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I have hundreds of polygons that represent plants geographical ranges around the globe. For each species I have both a shapefile and collection of findings as points.
I would like to analytically find each pair of species that common range boundary at least at one point. Or, even better, which species has a boundary in certain proximity from another species. Any idea how to do this? I use QGIS and prefer Perl, but solution in any other language would be fine also.

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2 Answers

If you put your polygon shapefile into spatialite, this is easy. Say your species polygon table has columns "pk" as the primary key, "species_name", and "geometry" (which is created when you import a shapefile into spatialite) then you need a query such as:

SELECT s1.pk, s1.species_name, s2.pk, s2.species_name
FROM species AS s1, species AS s2
WHERE s1.pk <> s2.pk AND
ST_Intersects(s1.geometry, s2.geometry);

I'd mention a few points:

  1. This query will run slowly since it checks every polygon against every other for intersection. You say you have several hundred polygons, so that would mean several 10's of thousands of database scans. That number would probably be OK, but if it grows any larger, then you'll want to add a spatial index to the table, and use it in the query.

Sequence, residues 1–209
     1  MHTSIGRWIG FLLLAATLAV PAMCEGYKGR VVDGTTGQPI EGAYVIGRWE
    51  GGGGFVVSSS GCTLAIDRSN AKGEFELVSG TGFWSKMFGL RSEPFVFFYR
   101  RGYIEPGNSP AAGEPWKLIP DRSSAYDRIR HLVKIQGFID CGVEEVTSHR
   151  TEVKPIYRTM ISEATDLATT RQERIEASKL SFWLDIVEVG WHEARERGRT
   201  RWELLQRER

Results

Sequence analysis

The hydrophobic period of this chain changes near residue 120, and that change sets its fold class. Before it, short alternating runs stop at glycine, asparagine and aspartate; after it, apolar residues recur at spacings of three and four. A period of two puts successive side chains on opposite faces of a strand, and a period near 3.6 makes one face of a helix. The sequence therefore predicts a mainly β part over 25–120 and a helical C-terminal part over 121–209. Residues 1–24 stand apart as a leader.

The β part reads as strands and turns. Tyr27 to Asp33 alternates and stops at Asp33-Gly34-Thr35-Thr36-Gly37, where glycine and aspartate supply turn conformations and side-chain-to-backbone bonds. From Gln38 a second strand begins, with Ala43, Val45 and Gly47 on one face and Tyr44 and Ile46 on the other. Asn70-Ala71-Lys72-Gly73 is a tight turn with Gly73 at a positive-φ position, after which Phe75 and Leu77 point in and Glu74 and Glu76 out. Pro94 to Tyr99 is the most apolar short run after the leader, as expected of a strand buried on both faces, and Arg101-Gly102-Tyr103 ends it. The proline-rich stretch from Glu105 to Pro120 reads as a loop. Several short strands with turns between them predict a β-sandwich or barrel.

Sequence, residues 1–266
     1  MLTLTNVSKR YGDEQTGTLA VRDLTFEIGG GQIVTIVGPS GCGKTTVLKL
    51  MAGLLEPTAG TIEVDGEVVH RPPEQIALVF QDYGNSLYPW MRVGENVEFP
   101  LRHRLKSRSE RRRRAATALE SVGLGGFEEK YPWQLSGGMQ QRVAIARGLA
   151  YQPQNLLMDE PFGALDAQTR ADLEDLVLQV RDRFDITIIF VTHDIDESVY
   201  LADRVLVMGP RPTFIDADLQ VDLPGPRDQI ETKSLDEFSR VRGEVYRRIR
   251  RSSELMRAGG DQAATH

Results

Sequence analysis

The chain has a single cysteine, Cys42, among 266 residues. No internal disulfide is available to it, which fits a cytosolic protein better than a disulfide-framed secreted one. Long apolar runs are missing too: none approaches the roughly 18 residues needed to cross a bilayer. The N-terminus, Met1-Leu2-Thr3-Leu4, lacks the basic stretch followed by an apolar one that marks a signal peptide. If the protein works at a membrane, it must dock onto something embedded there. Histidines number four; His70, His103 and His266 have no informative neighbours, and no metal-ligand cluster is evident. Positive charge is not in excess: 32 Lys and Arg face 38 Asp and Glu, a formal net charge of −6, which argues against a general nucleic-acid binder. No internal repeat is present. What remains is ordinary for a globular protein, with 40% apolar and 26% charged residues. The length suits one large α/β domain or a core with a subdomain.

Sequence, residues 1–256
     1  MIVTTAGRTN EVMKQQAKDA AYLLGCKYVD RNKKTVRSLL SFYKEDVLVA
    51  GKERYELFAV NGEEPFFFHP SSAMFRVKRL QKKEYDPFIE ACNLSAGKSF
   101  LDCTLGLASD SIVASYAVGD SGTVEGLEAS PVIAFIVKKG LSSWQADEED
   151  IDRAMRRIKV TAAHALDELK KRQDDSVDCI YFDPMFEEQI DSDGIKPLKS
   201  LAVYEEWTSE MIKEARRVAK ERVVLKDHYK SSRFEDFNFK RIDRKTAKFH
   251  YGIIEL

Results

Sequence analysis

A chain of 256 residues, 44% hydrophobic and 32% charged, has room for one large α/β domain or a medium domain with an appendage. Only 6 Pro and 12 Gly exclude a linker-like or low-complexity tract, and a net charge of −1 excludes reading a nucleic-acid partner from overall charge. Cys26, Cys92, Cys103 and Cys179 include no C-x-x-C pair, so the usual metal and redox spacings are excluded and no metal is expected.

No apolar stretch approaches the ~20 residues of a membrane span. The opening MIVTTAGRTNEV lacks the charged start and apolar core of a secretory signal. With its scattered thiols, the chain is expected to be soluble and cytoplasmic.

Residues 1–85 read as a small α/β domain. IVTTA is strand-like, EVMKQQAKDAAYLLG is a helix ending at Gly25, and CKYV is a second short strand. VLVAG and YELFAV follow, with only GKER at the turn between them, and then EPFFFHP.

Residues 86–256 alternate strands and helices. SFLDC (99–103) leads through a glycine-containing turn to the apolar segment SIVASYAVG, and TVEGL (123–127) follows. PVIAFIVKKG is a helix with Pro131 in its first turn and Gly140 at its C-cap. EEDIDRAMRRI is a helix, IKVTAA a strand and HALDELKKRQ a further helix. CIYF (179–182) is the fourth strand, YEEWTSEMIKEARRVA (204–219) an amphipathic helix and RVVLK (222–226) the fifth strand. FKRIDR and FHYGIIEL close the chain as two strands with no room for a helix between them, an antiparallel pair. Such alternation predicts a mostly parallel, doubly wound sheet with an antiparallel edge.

2. If you want to know whether the borders touch, but the polygons do not overlap, then replace the ST_Intersects() with ST_Touches().
  3. You can also find with pairs do not touch at all with ST_Disjoint()
  4. And to find those polygon pairs that are within a distance of one another, try, in the WHERE clause: ST_Distance(s1.geometry, s2.geometry) < your_threshold;
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Thanks a lot Micha! SpatiaLite seems to be a perfect solution not only for this but for other problems I have! –  Alex Druk Dec 7 '12 at 22:50
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I'm not sure whether your range polygons have exactly precise shared boundaries, like country borders.

If so, and if you work with GeoJSON and/or JavaScript, I'd highly recommend Mike Bostock’s TopoJSON, which extracts topology from a GeoJSON object by finding all exactly shared boundaries. This results in a smaller file since the shared polyline coordinates only need to be written once. It also uses delta-encoding to further reduce the file size.

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